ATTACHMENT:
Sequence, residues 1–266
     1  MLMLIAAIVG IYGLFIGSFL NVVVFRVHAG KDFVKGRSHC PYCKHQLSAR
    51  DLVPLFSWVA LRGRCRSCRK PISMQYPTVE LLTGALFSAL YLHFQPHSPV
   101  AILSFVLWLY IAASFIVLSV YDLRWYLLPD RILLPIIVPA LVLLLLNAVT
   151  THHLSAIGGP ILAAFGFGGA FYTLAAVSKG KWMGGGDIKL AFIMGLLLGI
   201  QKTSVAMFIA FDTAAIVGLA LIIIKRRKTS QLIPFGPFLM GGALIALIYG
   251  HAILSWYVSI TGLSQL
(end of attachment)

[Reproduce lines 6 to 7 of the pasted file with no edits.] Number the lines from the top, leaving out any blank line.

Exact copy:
   201  QKTSVAMFIA FDTAAIVGLA LIIIKRRKTS QLIPFGPFLM GGALIALIYG
   251  HAILSWYVSI TGLSQL